Julene Brown. Journal of Health Care Compliance. Frederick: Jul/Aug 2007. Vol. 9, Iss. 4; pg. 41, 3 pgs Abstract (Summary) The author used Kohlberg’s development stages to analyze the personal code of ethics she had already established. In the compliance work that she does, there is definite insight that legal and moral points of view conflict. She does have a professional code of ethics. It applies to her job in its entirety. In the code there is an obligation to the public, the organization for which she works, and the profession.
Her professional code and personal code do not differ; rather, the ethics of her workplace and her personal ethics support each other. Sometimes the culture bothers her and needs some work. In her professional life, she tends to use the utilitarianism philosophy. In her work, she looks at the greatest good for the greatest number of people. Her values hierarchy consists of the following: to influence others through trust, kindness, and sharing lessons learned. She will accomplish this by being a good listener, being disciplined, being focused, and being responsible. Jump to indexing (document details) Full Text (1243 words) Copyright Aspen Publishers, Inc. Jul/Aug 2007 [Headnote] One Possible Approach to Developing a Code Is Using Kohlberg’s Development Stages Do you have a personal code of ethics? I never really thought about it until a few years ago, and then I really thought about it when I took a class for my master’s education. In our ethics class, we had to write our personal code of ethics if we did not have one already. This was very timely. It seems very appropriate (if not mandatory) as a compliance professional to have a personal code of ethics.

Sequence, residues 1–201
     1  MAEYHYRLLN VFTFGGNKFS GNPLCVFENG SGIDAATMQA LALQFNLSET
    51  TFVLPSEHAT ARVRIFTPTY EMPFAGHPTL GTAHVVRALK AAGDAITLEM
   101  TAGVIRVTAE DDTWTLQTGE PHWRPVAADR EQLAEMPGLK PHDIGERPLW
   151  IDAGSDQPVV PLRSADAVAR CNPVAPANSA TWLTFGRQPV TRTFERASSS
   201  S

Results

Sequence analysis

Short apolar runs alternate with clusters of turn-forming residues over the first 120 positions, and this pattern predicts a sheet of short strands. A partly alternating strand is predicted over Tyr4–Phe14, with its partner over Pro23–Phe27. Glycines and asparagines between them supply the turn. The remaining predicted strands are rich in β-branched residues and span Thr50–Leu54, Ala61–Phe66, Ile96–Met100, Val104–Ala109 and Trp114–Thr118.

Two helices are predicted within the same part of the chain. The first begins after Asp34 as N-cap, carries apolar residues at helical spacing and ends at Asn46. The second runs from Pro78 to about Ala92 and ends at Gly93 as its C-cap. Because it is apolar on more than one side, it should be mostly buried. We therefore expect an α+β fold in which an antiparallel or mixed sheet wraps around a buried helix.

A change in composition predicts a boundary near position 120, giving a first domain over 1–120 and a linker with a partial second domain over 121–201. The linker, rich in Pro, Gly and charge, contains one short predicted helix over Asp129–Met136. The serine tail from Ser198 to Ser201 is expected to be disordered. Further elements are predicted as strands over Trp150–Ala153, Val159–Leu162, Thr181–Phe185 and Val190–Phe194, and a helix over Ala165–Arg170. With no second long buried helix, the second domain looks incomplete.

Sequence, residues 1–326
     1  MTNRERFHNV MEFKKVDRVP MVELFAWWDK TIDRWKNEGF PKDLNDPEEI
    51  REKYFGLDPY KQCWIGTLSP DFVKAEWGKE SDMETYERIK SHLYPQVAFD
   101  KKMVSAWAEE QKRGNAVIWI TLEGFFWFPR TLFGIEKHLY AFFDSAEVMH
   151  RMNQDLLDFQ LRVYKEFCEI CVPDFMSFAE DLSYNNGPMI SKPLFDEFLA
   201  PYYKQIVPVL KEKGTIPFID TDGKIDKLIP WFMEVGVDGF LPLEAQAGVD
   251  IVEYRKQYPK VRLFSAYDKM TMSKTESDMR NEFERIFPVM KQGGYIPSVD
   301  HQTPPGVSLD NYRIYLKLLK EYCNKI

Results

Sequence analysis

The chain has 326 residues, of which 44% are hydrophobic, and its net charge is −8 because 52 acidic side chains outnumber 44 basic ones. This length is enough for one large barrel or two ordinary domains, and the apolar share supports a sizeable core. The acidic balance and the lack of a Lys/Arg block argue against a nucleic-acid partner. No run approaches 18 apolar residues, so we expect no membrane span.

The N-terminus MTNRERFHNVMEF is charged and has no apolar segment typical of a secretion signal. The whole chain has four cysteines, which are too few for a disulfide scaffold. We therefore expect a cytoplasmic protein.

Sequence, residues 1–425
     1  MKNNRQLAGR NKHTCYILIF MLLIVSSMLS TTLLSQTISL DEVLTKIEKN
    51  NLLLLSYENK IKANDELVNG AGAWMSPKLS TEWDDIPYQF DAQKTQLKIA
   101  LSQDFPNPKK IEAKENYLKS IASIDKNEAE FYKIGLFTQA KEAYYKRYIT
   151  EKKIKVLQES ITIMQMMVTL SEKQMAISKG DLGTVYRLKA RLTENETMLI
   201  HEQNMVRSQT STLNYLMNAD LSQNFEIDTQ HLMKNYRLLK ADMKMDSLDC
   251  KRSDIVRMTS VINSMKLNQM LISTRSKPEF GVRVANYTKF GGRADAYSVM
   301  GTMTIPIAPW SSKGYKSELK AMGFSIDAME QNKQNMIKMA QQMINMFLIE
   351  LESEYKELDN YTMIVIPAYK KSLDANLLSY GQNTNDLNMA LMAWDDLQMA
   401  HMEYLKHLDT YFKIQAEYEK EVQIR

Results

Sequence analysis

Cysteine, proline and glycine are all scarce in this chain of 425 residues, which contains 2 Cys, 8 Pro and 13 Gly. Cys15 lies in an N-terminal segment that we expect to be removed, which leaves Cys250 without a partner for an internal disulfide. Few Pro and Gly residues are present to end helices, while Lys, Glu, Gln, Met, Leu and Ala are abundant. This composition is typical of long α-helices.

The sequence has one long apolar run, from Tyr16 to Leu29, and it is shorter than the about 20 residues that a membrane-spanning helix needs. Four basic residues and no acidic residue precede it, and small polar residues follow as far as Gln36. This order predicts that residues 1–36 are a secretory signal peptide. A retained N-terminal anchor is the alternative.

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I will share what elements were brought to my attention that are important to include in a personal code of ethics. KOHLBERG’S DEVELOPMENT I used Kohlberg’s development stages to analyze the personal code of ethics I had already established. In the compliance work that I do, there is definite insight that legal and moral points of view conflict. I understand that. In understanding this, I can see that I have taken it and applied it to my personal life also. I find myself struggling with whether an issue is legal or moral, and often I see both sides of an issue.